Sunday, September 1, 2013
Old Friends and Favorite Haunts
In my last post, I celebrated the wonderful new friends and new nature sites I have gained because of my blog. Then on Saturday, a rambling walk with my dear friend Sue along the familiar shores of Moreau Lake reminded me to also celebrate old friends and favorite haunts. After all, it was these very friends and these very places that inspired me to start my nature blog in the first place. Our adventure this day, which took us around the back bay of the lake, proved once again that even the most familiar settings will almost always yield many delightful surprises.
A forecast of rain could not dissuade us from starting around the shore. If anything, the gray skies and misty atmosphere only added to the beauty of the scene -- as did the presence of one very picturesque paddler. These inclement conditions also assured we would have the lake almost completely to ourselves this last very busy Saturday before Labor Day.
As I expected, the sandy shore was decorated with the dainty pink flowers of thousands of Gerardias.
It was this very shore, after all, where I first came to know one of our latest flowers to bloom each year, the Small-flowered Gerardia (Agalinus paupercula), distinguished from other Gerardias by its smallish flower and very short flower stalks.
But then Sue spied this other species of Gerardia, called Slender Gerardia (Agalinus tenuifolia), with its much longer flower stalks. This is a flower I usually find in much drier locales, so its presence here was quite a surprise. I'm sure I must have overlooked it many times, assuming it was the other species I had come to expect. With both species growing so close to each other, I wonder if they will eventually hybridize. This is a situation that could bear watching.
We were not at all surprised to find the beautiful blue blooms of Closed Gentians (Gentiana clausa), growing right at the very spot we look for them every year. Not surprised, but certainly delighted. What consolation these lovely late-bloomers offer us, as we prepare to bid farewell to summer.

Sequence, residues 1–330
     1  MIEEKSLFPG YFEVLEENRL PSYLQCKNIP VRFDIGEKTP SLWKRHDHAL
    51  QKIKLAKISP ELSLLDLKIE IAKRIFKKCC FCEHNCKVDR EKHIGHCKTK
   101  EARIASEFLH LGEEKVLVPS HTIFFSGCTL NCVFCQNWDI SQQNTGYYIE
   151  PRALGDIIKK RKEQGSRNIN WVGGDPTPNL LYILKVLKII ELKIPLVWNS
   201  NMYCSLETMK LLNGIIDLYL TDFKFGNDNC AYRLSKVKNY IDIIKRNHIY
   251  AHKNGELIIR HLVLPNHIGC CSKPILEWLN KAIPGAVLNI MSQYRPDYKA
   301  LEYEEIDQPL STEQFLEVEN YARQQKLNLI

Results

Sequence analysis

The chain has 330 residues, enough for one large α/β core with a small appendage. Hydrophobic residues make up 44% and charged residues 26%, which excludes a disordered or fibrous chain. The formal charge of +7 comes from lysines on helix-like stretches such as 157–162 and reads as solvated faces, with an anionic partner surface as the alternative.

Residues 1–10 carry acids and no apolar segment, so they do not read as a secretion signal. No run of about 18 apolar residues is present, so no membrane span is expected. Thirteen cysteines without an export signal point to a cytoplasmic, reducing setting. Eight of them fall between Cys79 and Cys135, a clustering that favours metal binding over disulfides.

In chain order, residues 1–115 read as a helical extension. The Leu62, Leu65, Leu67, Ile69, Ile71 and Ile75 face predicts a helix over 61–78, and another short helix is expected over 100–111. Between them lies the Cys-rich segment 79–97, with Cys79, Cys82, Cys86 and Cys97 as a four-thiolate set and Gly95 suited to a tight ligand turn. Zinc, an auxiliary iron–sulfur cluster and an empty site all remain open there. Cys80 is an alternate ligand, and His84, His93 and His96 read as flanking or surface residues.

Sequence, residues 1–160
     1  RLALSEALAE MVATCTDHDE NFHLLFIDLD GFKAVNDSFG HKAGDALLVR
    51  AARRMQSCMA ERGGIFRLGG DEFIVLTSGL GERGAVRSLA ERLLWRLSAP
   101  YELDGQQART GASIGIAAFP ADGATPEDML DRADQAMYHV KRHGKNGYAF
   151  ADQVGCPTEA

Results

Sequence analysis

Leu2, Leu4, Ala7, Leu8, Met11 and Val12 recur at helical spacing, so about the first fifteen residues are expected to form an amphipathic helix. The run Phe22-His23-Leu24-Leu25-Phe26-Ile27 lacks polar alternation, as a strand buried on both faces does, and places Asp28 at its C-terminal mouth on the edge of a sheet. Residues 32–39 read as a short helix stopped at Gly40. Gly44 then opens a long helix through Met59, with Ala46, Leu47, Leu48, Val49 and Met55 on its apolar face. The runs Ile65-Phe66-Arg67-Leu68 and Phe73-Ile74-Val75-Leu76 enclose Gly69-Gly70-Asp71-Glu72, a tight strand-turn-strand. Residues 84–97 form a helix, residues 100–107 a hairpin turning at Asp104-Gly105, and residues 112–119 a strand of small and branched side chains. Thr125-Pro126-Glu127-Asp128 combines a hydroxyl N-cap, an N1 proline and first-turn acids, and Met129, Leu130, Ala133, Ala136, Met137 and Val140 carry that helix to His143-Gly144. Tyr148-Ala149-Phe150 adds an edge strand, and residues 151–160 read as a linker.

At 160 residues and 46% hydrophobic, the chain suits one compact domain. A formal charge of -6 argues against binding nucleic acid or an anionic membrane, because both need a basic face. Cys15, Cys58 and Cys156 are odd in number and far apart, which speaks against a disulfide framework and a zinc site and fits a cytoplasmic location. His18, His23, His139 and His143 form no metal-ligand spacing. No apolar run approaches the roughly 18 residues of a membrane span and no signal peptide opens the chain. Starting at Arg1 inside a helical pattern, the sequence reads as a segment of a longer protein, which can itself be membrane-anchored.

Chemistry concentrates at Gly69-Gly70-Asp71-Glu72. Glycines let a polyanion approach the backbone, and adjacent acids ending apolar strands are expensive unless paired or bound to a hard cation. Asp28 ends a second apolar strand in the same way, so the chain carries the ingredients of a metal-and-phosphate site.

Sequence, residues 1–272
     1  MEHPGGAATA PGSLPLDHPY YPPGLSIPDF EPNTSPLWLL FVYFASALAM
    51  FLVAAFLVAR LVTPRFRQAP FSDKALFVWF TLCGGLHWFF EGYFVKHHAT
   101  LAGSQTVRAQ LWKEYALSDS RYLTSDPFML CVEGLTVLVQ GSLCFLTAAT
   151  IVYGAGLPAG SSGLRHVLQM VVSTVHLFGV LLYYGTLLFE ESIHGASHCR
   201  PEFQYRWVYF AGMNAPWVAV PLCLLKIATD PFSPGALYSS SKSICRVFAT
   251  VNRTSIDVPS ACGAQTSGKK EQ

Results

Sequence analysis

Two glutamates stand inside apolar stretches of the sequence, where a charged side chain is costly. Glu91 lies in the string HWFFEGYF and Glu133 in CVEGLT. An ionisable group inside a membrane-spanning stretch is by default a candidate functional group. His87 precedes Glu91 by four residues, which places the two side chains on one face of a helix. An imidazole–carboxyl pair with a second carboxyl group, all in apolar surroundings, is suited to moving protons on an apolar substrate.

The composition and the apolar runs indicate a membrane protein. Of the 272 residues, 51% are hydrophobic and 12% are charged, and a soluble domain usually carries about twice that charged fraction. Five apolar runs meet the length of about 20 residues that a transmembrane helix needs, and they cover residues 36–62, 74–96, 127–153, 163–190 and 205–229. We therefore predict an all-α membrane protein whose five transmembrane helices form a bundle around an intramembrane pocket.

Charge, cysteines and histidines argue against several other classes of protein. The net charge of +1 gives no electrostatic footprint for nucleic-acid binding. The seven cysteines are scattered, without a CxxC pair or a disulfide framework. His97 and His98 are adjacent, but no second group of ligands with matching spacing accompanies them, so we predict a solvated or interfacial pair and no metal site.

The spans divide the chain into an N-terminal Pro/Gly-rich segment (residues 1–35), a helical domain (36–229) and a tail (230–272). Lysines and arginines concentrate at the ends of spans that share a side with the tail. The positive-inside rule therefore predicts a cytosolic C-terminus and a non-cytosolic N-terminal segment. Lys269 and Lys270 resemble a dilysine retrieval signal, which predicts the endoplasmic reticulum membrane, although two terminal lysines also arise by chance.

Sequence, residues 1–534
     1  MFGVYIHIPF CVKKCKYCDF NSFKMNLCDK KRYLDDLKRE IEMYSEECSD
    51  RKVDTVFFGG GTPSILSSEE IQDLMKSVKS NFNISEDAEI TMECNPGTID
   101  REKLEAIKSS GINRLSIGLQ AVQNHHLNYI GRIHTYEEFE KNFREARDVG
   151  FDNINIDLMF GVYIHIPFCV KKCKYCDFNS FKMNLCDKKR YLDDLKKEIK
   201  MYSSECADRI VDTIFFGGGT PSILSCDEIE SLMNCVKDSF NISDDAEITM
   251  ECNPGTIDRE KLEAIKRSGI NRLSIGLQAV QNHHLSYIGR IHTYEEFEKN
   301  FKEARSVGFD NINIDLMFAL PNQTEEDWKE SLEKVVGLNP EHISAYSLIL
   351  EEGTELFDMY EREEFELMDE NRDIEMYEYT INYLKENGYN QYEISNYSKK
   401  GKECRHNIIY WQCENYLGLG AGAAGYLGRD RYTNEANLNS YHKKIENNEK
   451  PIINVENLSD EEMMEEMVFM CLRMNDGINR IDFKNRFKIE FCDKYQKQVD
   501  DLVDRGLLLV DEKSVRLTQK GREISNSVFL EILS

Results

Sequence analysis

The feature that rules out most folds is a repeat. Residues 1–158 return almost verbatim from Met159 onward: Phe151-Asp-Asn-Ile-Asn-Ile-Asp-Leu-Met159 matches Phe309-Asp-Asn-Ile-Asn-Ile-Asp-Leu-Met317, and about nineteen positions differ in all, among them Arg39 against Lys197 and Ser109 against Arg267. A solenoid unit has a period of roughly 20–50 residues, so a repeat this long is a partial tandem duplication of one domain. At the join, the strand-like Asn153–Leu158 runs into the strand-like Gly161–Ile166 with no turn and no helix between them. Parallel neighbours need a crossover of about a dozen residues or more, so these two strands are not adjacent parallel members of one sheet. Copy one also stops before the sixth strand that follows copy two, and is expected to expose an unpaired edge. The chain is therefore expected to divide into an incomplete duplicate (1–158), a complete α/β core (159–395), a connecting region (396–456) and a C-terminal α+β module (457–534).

A big surprise was yet to greet us as we made our way around the back bay. In fact, we could hardly believe our eyes when we spied this abundant patch of Nodding Ladies' Tresses (Spiranthes cernua) sprawling along a stretch of shore we had walked many times over several years and never spied so much as a single spike of this small native orchid growing here.
Our whoops of delight drew several paddlers over to see what our fuss was about, allowing us to surprise these paddlers with the news (to them!) that New York has more native orchids than even Hawaii or Florida.
Granted, the Ladies' Tresses are not as showy as some of the tropical species, but a close examination reveals a flower of delicate beauty.
With almost every footfall along the shore, we sent off a flurry of leaping frogs and toads. Most of the frogs were Pickerel Frogs, so I was quite surprised when I looked at this photo on my computer screen and discovered this little creature resting on a fern frond was instead a quite unexpected Spring Peeper.
Another unexpected creature revealed by enlarging my photo was this tiny but vivid red mite, hitching a ride on the back of a Daddy Long-legs. What a perfect touch of accent color to this already colorful study in yellow and green! Although I'm sure the Daddy Long-legs did not appreciate this aesthetic effect.
This Milkweed Tiger Moth caterpillar didn't need the addition of mites or of anything at all to complete its vivid coloration, being pretty vivid in its own right. In fact, that bright orange and black and white make up a warning flag to any bird that might want to eat it, signaling the presence of toxins the caterpillar has absorbed by eating Milkweed.
As we left the lake to go have lunch together, Sue and I decided to stop along the park road where a year ago we had found a nice patch of another native orchid, Autumn Coralroot (Corallorhiza odontorhiza). We weren't sure we could find them again, since the plants are tiny and colored about the same as the forest floor. Talk about UNshowy orchids! In fact, this particular orchid, being a self-pollinator, usually doesn't even bother to open its flowers and looks as if it's in bud when it's actually fully in bloom. So we were really surprised and delighted to find them.
And then, we found one last surprise of the day: one of the Coralroots defied our expectations and actually produced open flowers, with teensy tiny petals spotted with purple. Hey, you never know!